How do You Avoid a Madoff Style Ripoff?
Peter Mangen, President of Shareholder's Service Group, forwarded me an excellent article with tips on how the general public can avoid a Bernie Madoff style rip-off. I have copied the article into the blog for your viewing below.
Of course the obvious way to avoid characters like Bernard Madoff is to use me as your financial advisor, but this blog isnt about cheap marketing plugs :)
Can You Avoid a Madoff-style Ripoff?
by David McPherson
If your financial adviser tells you your portfolio is making money, it's time worry about your adviser.
Bernard Madoff allegedly perpetrated a massive Ponzi scheme to the tune of $50 billion. When he was discovered, his investors, including the ultra-rich, were dumbfounded. (ABC News Photo Illustration)
That's the joke I told when friends and clients asked for my thoughts on this year's market collapse.
Little did I know how true the joke would turn out to be until last week's emergence of the massive fraud allegedly engineered by Bernard Madoff.
According to press reports, Madoff continued to report positive returns to his wealthy investors during the worst market cycle since 1929 when even the mighty Harvard University endowment lost money. That alone should have set off alarm bells in the minds of Madoff's clients.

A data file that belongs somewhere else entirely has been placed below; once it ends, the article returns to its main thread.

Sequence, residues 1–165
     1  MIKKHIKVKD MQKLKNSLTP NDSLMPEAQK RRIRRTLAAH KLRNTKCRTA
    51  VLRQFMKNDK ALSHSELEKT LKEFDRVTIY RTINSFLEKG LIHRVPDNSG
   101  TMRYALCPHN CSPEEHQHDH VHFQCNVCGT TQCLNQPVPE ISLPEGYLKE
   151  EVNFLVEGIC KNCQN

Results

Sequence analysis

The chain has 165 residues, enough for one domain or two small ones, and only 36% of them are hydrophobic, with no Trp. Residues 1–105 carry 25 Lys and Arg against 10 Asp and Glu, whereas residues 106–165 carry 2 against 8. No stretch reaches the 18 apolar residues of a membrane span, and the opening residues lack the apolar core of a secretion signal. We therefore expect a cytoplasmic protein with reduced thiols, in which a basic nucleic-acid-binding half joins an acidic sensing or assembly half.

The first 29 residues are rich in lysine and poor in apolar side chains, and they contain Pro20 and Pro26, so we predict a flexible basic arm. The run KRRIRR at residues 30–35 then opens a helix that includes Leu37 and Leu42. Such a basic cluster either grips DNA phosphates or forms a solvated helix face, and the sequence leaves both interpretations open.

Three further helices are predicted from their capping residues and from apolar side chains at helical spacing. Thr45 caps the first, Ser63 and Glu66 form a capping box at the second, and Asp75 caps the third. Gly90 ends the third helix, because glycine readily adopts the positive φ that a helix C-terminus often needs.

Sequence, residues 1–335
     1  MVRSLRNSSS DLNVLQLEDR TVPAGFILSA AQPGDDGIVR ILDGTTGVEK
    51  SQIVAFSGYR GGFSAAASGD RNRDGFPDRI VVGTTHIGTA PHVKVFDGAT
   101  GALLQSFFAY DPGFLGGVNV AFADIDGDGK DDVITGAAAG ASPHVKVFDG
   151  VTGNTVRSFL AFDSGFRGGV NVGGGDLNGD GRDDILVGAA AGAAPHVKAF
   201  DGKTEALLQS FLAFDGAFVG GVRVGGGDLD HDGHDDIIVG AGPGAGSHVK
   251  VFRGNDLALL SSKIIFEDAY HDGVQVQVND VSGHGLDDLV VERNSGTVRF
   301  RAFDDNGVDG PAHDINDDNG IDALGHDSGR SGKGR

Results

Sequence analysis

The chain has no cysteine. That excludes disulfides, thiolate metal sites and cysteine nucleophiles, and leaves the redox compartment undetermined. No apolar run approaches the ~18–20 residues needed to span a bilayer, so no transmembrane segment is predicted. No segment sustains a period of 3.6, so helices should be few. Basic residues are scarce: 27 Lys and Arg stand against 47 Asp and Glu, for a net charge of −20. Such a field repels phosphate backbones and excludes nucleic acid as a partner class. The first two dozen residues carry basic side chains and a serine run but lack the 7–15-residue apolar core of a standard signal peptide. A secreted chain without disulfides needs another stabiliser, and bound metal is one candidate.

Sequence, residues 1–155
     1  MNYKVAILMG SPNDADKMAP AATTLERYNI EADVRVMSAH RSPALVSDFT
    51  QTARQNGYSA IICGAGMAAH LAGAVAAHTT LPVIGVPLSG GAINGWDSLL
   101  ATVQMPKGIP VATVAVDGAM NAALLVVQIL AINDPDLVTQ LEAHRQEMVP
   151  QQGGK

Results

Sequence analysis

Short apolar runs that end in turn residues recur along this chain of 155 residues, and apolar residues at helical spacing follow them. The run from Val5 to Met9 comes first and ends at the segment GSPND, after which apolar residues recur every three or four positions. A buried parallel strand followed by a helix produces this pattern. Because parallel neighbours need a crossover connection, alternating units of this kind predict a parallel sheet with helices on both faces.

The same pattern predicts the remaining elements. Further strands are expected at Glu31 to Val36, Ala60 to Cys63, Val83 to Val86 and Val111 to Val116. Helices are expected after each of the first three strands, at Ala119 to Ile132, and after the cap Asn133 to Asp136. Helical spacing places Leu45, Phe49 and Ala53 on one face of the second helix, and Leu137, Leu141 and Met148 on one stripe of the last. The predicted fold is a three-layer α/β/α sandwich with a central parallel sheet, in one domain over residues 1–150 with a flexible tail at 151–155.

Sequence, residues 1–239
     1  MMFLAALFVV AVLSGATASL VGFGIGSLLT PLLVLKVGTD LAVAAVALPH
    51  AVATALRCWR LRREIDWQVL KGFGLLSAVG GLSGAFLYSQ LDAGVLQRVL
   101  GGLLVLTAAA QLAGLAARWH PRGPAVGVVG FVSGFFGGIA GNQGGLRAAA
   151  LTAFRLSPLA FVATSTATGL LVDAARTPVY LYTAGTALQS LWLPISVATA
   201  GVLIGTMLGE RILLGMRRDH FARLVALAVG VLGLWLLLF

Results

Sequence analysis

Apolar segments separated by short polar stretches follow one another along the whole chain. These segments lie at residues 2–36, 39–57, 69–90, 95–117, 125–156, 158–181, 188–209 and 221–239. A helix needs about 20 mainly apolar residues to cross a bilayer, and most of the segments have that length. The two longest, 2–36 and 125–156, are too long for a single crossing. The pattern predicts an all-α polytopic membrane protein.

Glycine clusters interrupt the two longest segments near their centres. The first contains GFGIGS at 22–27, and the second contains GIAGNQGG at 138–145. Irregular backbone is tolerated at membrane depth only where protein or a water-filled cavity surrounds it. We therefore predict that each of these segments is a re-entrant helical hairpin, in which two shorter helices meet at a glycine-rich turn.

Instead, it shows even the super rich can be duped. It's not just the desperate who fall for scams.
For good reason, this episode will lead many investors large and small to take a second look at their own advisers and ask whether they are on the up and up.
I expect a higher degree of scrutiny from my own clients even though I operate in a realm far removed from the one in which Madoff operated.
A healthy degree of skepticism is something every investor should possess. It would have gone a long way toward protecting members of the Palm Beach Country Club, where Madoff is alleged to have found many of his victims.
So what questions should skeptical investors ask about their current or prospective advisers? Here are a few every reputable adviser should be able to answer without hesitation. If not, that might be a warning sign.
Who's my custodian?
A custodian is the firm that is in possession of your investment accounts. It could be a large, well-known operation like Fidelity, Charles Schwab or Merrill Lynch, or a smaller, reputable firm unknown to most investors, such as Shareholder Services Group. Either way, you want to know who's in possession of your nest egg. Never hand over your funds directly to your financial adviser.
Also, make sure the custodian is a member of the Securities Investor Protection Corporation, which ensures client accounts in the event a firm becomes insolvent. Don't do business with a custodian that is not an SIPC member.
How do I check my accounts?
Even when relying on a reputable financial adviser, you should be able to check on your accounts at any time. Don't simply wait for a monthly statement to arrive. In between statements, call the custodian or log on to your accounts at the firm's Web site to check account balances and verify recent activity.